Wednesday, December 16, 2015

Brief comment: Words and numbers in public health nutrition

By Gideon Lasco, MD, MSc

"In the field of global public health where well being is dominated by the numerical alchemy of measurement, the work of describing that which eludes measurement remains a challenge for anthropology." Complex carbohydrates - on the relevance of ethnography in nutrition education by Emily Yates-Doerr

In her short article about transporting a gift from Guatemala to New York, and reflecting on the significance of that gift - which happened to be some loaves of bread - Emily Yates-Doerr speaks in two levels, both of which are conveyed by the quote I chose.

The first is a call for ethnography in nutrition. People don't really think in terms of proteins, fats, and carbohydrates. There is more to food than what it is made of physically. Eating can mean remembering - as in the article, feeling happy, and many more emotions. Significantly, even the implementors of nutrition initiatives concede that the programs don't work. The limited resources make it difficult to. Though  Yates-Doerr doesn't offer anything concrete in terms of what might actually work (which would have been nice, but I also understand the limited goals of such a short article) - she hints at the right way to find out.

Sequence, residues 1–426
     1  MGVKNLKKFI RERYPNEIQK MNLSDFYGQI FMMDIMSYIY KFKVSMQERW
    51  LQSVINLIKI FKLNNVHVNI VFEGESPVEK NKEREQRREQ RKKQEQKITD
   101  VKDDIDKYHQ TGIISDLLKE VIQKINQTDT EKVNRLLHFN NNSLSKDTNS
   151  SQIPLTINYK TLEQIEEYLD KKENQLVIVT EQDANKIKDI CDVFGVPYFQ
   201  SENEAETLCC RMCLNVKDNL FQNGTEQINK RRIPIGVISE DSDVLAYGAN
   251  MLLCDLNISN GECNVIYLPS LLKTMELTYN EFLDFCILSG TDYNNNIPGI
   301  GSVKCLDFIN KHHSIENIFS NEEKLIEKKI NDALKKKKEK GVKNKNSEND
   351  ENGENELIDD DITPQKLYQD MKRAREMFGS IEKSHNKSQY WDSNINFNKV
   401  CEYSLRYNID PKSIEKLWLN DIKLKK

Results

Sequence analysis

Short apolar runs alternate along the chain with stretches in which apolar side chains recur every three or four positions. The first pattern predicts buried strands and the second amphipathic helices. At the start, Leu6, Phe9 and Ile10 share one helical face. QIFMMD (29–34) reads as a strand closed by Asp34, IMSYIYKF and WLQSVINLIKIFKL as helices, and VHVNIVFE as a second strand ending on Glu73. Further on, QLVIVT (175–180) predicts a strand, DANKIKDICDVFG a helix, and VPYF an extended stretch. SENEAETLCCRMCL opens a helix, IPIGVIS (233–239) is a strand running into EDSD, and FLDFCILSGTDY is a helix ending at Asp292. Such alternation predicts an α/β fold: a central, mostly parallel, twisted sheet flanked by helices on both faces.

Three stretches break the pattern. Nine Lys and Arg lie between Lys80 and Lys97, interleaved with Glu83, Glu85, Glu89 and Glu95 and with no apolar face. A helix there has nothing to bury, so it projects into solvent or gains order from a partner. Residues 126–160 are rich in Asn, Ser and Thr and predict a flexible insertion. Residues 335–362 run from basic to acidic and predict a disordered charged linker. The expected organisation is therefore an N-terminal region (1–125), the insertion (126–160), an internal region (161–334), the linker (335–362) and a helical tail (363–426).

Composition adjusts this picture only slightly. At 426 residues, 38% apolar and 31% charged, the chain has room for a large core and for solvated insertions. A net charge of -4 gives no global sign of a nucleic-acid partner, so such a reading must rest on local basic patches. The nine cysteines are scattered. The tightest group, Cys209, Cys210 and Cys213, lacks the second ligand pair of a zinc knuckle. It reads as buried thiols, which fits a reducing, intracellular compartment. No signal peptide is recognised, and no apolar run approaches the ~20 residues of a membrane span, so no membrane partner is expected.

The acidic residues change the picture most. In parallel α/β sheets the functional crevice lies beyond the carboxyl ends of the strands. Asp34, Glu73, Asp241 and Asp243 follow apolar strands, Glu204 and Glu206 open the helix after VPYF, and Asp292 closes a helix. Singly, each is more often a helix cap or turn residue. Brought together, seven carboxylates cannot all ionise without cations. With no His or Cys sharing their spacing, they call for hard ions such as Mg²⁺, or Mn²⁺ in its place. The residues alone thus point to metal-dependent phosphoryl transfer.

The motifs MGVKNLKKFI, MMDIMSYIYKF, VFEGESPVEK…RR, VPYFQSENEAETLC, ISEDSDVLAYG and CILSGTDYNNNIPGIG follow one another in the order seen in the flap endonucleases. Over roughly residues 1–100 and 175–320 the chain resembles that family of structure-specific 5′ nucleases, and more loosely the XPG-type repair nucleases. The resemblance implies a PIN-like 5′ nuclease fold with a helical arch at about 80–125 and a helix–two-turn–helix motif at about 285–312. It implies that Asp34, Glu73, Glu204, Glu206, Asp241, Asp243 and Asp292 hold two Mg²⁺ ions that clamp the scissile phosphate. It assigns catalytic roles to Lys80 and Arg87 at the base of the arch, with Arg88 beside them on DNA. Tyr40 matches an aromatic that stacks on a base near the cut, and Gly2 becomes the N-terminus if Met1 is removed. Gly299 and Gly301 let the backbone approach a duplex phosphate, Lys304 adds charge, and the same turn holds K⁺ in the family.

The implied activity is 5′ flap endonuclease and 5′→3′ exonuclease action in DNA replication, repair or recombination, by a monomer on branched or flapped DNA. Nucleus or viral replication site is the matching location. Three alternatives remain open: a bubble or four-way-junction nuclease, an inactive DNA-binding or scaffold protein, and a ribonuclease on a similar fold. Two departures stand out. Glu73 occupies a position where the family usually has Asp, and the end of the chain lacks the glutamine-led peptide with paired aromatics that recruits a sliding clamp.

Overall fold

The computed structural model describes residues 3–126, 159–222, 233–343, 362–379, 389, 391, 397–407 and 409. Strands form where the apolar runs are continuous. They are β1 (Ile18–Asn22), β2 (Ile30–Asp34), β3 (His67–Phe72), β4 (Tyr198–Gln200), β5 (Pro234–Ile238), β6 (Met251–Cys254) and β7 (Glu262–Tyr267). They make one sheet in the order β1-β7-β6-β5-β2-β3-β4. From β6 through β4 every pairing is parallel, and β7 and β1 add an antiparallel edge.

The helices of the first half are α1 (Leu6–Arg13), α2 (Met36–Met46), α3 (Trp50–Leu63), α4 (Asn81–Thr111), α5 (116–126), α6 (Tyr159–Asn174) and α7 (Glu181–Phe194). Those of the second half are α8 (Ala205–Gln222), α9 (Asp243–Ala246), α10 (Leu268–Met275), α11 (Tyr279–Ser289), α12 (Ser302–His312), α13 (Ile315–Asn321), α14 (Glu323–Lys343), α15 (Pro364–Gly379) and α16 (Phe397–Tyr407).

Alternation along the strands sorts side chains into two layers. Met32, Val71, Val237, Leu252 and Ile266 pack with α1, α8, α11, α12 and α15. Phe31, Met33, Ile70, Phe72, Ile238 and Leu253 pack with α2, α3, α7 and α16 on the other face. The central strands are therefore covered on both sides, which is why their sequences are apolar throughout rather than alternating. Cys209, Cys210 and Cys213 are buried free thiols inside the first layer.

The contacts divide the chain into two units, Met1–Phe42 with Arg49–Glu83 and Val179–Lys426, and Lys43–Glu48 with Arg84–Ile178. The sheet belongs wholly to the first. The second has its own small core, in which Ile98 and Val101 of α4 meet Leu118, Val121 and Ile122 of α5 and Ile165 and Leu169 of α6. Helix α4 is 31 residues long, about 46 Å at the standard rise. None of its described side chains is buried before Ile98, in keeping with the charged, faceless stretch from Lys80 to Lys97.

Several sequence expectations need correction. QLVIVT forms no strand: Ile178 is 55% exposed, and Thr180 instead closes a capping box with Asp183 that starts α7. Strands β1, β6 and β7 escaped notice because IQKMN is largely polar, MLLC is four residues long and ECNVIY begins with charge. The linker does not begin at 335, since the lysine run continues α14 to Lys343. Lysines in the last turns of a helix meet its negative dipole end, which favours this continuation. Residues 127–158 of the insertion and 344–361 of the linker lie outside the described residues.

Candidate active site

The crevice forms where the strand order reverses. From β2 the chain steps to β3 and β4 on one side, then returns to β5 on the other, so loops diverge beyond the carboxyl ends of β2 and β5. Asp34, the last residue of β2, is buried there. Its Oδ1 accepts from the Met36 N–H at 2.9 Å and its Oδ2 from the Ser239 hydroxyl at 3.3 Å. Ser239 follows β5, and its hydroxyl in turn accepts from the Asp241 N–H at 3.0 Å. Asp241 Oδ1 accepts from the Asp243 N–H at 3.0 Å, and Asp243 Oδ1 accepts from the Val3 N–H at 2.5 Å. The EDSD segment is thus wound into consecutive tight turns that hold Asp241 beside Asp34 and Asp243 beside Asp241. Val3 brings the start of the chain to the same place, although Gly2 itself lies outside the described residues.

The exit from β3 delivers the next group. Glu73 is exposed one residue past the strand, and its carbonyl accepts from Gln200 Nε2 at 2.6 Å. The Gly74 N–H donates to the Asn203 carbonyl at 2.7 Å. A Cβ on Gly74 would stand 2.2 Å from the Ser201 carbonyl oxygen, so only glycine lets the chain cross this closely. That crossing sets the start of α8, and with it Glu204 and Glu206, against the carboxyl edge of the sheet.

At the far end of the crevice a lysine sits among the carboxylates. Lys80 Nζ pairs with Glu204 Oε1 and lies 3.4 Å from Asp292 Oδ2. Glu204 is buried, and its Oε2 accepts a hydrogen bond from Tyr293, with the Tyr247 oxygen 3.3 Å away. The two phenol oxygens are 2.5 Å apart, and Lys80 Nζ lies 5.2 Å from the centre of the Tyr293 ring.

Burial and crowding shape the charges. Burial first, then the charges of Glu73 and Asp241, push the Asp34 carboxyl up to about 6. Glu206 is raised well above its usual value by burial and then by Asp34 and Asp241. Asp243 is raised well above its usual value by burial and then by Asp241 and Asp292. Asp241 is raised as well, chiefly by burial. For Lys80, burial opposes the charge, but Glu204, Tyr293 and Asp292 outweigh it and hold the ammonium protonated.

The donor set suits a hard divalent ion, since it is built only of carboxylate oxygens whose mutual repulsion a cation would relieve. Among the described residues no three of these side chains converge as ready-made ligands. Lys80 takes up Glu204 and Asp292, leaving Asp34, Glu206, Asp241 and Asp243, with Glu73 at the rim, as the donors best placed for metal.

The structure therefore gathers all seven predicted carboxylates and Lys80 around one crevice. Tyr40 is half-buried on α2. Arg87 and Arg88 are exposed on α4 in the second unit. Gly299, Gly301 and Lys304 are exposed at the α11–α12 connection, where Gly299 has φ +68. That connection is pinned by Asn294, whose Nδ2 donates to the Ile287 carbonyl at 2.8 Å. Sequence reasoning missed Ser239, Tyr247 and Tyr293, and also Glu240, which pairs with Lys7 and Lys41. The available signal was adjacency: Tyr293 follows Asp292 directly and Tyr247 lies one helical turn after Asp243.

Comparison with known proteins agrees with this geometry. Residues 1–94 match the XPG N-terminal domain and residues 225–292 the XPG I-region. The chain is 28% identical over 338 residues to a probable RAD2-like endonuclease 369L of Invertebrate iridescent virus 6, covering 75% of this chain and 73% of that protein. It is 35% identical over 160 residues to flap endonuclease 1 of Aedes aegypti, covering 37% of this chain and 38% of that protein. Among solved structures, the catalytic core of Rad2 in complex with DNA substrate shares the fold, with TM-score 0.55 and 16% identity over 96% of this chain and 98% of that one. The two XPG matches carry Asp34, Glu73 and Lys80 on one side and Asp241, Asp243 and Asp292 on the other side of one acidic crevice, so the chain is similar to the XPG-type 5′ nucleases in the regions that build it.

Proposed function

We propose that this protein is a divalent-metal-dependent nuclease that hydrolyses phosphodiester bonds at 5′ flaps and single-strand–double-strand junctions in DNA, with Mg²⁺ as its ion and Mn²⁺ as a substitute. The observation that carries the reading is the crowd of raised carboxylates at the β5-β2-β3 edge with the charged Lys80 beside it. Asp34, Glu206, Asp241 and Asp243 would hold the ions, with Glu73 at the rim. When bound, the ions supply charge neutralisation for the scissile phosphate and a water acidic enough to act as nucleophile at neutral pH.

Secondly, she reflects on the relevance of ethnography itself, in general terms, and what it can contribute to fields such as global public health, development. What follows my chosen quote elaborates on this: "the challenge of representing aspects of life that will never be fixed is not small, but the value of complexity makes a case not only for the importance of ethnographic knowledge but also for its importance well beyond the field of anthropology."

This role of ethnography in describing complexity also surfaces in Robert Pool's work; in his case the complexity is that of sensation, what is felt, what is experienced. Annemarie Mol's more theoretical peregrination on the subject of taste - incidentally a fine example of an attempt to capture and convey complexity - has an epistemic concern that echo Doerr's anxiety over measurements: "in the act of testing, knowing and intervening intertwine." Finally, as I embark on my own research about height I am sensitized to the importance of meaning over measurements; and how certain physical measures may be magnified in its social construction. The small differences in height among humans, for instance, create difference, which are reproduced in various forms. Measurements are meaningful in ways beyond their power to indicate certain things,  and even when they are seen as such, they are still limited in their ability to express complexity.  Anthropology addresses these by foregrounding words over numbers, a "thick description" of what Malinowski calls the "imponderabilia" of life over a mathematical formula.

Looking at the quote again, I would like to refine its last sentence. It is not only a challenge for anthropology, it is the challenge for anthropology. But how can we anthropologists assert our voices in a world where numbers are more important than words?

Amsterdam
December 2013

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